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Monday, July 19, 2010


DPJ, finances victims of own conspiracy, cock-up, complacency?

Special to The Japan Times

Conspiracy or cock-up? That is the question that invariably comes to mind when something goes very badly wrong in business or politics. As it has done in both of these two worlds in Japan lately.

First came the Democratic Party of Japan's miserable defeat in the Upper House election July 11.

On the face of it, it looks as though conspiracy could not have had much to do with this development. Unless perhaps the ever conspiratorial Ichiro Ozawa was up to something to try to punish Prime Minister Naoto Kan for telling him very explicitly to keep his mouth shut in the future. Yet even the Prince of Darkness himself would surely not be so vengeful as to sacrifice his own party's fortunes on the altar of a personal vendetta. Although of course one never knows.

In any event, the cock-up that was Kan's election campaign did not need much help from conspiratorial sources to end the way it did. It was a spectacular run for an own goal from start to finish.

There were two things manifestly wrong with the way the DPJ's campaign was run. For one, panic was very much to the fore. And two, and not unrelated, the party was fighting yesterday's war.

Panic set in because the DPJ had begun to suffer from what might be called incumbent psychosis. It could not afford to lose points. Nor could it afford not to gain points. The party had no idea whether it was attacking or defending. This is hardly the mindset that wins elections.

Kan's ill thought-out attempt to appear courageous by raising the issue of a consumption tax hike was very much a case in point. Nothing wrong with the idea. Pity about the hurried mishmash of reasonings put forward to justify it.

Paralysis born out of panic prevented the DPJ from thinking clearly. Had the party executives been able to reflect more soberly on the situation, they would have seen that a whole realignment of the election campaign was necessary if they were to overcome the recent setbacks and retain the momentum they gained on coming into power last year.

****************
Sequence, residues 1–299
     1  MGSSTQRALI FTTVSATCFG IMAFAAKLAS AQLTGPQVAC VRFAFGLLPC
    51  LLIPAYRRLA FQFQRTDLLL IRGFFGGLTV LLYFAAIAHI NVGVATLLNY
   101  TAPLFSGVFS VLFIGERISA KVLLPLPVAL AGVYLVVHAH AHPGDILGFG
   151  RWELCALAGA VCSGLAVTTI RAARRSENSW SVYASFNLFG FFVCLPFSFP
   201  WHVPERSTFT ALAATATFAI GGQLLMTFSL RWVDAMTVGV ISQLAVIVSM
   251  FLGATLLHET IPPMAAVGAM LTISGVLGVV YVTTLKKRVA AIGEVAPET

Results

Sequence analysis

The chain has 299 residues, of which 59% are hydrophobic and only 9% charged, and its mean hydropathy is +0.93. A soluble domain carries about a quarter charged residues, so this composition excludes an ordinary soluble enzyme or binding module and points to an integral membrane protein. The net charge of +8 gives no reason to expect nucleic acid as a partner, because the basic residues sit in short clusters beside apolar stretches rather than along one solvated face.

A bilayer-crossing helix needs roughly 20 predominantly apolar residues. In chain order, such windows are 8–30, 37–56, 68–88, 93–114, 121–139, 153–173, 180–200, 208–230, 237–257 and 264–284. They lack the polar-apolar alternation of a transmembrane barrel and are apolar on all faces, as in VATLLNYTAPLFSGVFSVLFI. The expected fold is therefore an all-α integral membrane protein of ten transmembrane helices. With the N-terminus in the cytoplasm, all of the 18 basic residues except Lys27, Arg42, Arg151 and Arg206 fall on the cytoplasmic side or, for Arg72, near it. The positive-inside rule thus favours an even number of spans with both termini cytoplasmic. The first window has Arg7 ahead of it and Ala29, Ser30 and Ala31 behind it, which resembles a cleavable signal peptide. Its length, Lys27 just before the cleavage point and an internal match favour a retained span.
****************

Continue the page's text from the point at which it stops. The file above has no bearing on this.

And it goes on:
But in their mental paralysis, they just went head-on as planned prior to the change of prime ministers from Yukio Hatoyama to Kan last month. Back then, the Upper House election was expected to be a midterm evaluation of how the DPJ had done in its first semester in the school of government. The marks would be tough, but the party saw itself scrape through on the strength of its freshness and dedication to hard work.

However, by the time the U.S Futenma air base issue soured the way it did, with economic mismanagement and financial scandals adding to the humiliation, the stakes had changed radically. It was no longer just a midterm review. It had become a fight to prevent a failing grade from going on the record.

In their failure to realign their campaign, the DPJ politicians managed to thoroughly alienate and infuriate their evaluators — a silly way to go about things when desperate for good grades. Thus while conspiracy had little to do with anything here, one might add the element of complacency as well as sheer cock-up to the DPJ's list of failings.

Complacency certainly seems to have had a hand in the startling demise of Incubator Bank of Japan that came to light last week. Its former chairman, Takeshi Kimura, was arrested Wednesday along with the bank's current president and three other executives on suspicion of obstructing a Financial Services Agency audit last year.

Kimura enjoyed charismatic fame as key adviser to Heizo Takenaka when the latter was financial services minister in the days of the Junichiro Koizumi government. There always was a whiff of conspiracy and more than a fair share of complacency about the man's obvious talents as a purveyor of newfangled financial ideas. Now it appears he has shot himself in the foot with a cock-up over deleted e-mails.

If you conspire, don't cock up. Be you conspirator or cocker-upper, never be complacent. That seems like good advice to anyone either in government or in finance.

Noriko Hama is an economist and a professor at Doshisha University Graduate School of Business.

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